It started out as a way to help astronauts exercise at the Space Station. Now this NASA-inspired technology is giving some patients back their legs and their lives.


A NASA-engineered piece of equipment is giving some patients their legs, and their lives, back.

The Alter G is not your typical treadmill.

"Oh, it's wonderful because I know I can't fall. I'm supported everywhere," said Nancy Markey.

Nancy Markey, who is 74, has had several bad falls, so she was afraid to walk on her own.

"I was in really bad shape."

After her third time on the anti-gravity treadmill, she felt an improvement.

"In just three tries, yes. I can tell a difference."

NASA engineers designed the piece of equipment so astronauts could re-introduce themselves to gravity after being in outer space.

"I love it. My knees don't hurt," Markey said.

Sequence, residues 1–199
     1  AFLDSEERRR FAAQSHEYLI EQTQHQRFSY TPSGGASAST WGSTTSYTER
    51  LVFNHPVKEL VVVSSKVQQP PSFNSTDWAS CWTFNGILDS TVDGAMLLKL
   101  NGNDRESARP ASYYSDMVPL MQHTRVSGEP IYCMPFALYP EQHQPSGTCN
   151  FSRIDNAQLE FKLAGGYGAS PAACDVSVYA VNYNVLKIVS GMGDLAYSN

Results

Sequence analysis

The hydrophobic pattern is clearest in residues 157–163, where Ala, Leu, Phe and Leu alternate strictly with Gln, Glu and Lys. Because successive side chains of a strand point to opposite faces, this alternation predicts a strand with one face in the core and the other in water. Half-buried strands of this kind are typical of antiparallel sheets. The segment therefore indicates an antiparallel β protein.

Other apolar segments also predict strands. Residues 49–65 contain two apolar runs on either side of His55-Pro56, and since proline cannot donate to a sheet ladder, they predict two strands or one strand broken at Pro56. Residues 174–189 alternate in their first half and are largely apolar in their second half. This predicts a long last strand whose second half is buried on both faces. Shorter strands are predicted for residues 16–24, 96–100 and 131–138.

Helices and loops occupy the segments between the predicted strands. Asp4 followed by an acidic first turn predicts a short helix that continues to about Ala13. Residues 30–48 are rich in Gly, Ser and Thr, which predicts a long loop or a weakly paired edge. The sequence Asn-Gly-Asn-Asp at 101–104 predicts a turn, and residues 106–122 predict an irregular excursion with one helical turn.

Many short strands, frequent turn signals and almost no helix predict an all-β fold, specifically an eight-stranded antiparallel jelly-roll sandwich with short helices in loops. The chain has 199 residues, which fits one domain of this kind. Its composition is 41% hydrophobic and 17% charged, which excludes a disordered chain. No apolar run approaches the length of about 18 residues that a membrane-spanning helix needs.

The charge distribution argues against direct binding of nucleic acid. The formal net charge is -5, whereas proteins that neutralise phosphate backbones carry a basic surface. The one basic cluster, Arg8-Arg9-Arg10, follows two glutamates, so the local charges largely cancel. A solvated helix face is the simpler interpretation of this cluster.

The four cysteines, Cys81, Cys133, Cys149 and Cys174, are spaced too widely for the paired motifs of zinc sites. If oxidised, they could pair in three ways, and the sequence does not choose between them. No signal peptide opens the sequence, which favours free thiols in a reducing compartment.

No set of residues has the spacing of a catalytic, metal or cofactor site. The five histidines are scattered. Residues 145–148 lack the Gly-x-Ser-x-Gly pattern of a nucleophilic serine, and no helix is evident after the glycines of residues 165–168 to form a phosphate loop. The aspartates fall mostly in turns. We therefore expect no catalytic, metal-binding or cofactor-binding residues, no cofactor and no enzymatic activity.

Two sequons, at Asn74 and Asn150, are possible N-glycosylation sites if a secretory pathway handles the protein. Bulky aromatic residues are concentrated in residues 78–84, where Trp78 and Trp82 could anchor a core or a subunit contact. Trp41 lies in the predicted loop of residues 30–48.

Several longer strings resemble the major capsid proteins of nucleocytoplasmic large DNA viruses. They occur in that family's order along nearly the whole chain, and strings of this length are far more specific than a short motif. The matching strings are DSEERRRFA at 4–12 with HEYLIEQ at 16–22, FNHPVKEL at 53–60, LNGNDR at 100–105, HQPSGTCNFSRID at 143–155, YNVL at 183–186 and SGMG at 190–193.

The treadmill uses differential air pressure to help hold the body up, and reduce the impact on the lower body.

"It feels like I'm young, like I could walk when I was young," Markey said.

Three cameras are placed strategically around the treadmill. Therapists can watch the patient's feet on the screen and make corrections in real time.

"It really helps me concentrate on heel first heel first," said Markey.

"It allows us to start the rehabilitation process earlier and hopefully speed it up," said therapist Tad Cranfield.

Markey said she's feeling better head to toe.

"I didn't realize how anxious I was to take a step until we came here and started working," she said.

In addition to physical therapy, the treadmill is also used to improve athletic performance.

But don't plan on buying one for home use. They cost $47,000.

For more information on locating a rehabilitation facility that offers the Alter-G, click here.

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